The consensus recommendation currently is that TSH suppressive therapy should be given postoperatively to all patients with differentiated thyroid cancer. The exact definition of appropriate TSH suppression to suppress tumor growth adequately remains unclear. Studies with very large numbers and follow-up would be required to detect significant differences. The true efficacy of ablative 131I has never been established in a controlled clinical setting.228,229 In the postoperative setting in the...

Primary Hyperaldosteronism

Seventy-five percent of patients with primary hyperaldosteronism have benign adrenal adenomas, and 25 have idiopathic hyperplasia of the zona glomerulosa. Fewer than 1 have adrenocortical cancer. In patients with primary hyperaldosteronism, it is essential to determine whether it is caused by an adrenal adenoma or by hyperplasia because virtually all patients with adenomas benefit from surgical treatment (i.e., abatement of hypokalemia and lower blood pressure), but most patients with...

Modalities for Imaging the Adrenal Gland

Evaluation of a patient with an adrenal gland mass is founded on a thorough history and physical examination, followed by appropriate biochemical tests. After the diagnosis has been established, imaging procedures are used for localization and presurgical planning. Improvements of functional and anatomic imaging procedures allow reliable preoperative evaluation of virtually all adrenal masses. Computed tomography (CT) and magnetic resonance imaging (MRI) are the main modalities used to localize...

Thyroid

Clinical transplantation of thyroid tissue has not been widely utilized as thyroid hormone replacement therapy is safe, effective, and cost-effective in treating postoperative or disease-induced hypothyroidism in most patients. Autotransplantation of thyroid tissue has been performed mainly in two clinical scenarios, following resection of lingual thyroid and following thyroidectomy for multinodular goiter or Graves' disease. Numerous case reports documenting these transplants have appeared in...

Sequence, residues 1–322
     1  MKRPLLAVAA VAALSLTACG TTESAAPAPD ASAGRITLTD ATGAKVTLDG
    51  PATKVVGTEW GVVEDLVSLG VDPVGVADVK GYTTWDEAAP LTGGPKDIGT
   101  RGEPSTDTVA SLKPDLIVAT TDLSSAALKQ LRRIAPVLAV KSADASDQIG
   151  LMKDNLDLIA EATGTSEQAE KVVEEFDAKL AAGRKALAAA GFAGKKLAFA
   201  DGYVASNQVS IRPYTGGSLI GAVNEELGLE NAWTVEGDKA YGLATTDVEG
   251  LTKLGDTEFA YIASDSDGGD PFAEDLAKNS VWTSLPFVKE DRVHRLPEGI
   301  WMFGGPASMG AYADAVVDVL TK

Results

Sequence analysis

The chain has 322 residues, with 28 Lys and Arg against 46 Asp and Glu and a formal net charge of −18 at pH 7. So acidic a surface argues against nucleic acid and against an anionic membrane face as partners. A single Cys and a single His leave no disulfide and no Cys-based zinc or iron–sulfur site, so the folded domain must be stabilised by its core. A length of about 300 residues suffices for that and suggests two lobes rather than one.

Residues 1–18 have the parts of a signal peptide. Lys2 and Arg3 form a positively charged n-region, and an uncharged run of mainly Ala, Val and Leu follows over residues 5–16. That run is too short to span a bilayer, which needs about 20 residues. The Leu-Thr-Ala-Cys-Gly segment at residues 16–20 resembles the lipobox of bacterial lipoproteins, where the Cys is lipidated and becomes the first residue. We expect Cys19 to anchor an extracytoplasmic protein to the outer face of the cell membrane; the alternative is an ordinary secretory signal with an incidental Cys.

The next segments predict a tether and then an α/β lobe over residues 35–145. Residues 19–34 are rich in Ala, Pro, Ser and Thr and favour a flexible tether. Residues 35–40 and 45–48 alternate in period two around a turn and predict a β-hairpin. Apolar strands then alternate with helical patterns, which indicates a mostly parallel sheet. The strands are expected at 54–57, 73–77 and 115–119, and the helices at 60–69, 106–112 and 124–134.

Thyroxine and Ischemic Heart Disease

Clearly, T4 replacement is necessary to prevent the development of overt hypothyroidism in postsurgical patients. There is also an annual conversion rate of 3 from subclinical to clinical hypothyroidism after 131I therapy and slightly less than 1 per year after thyroidectomy. Post-thyroidectomy hypothyroidism is more likely in elderly patients and in those who have circulating thyroid autoantibodies.74,75 Myocardial infarction and angina are both recognized complications of levothyroxine...

Conclusion

Treatment by supraphysiologic dosing of levothyroxine is done to create adequate suppression of TSH without inducing clinical evidence of hyperthyroidism. The rationale is that TSH is one of the principal stimulants of thyroid growth. Its use is recommended in patients after a total thyroidectomy for differentiated carcinoma of the thyroid, particularly After total thyroidectomy (wait 4-6 weeks off T4 or 2 weeks off T3) T4, TSH, TG, pregnancy test, if female Anti-TG antibody status T4, TSH, TG,...

Operative Technique

Right Laparoscopic Adrenalectomy

Several laparoscopic approaches to the adrenal glands are recognized, including the following 1. Transabdominal lateral with the patient in the lateral decubitus position 2. Transabdominal anterior with the patient in the supine position 3. Retroperitoneal endoscopic adrenalectomy lateral or posterior Although the retroperitoneal approach is advocated by some authors,1417 the technique of choice by most surgeons performing laparoscopic adrenalectomy is the transabdominal lateral approach,...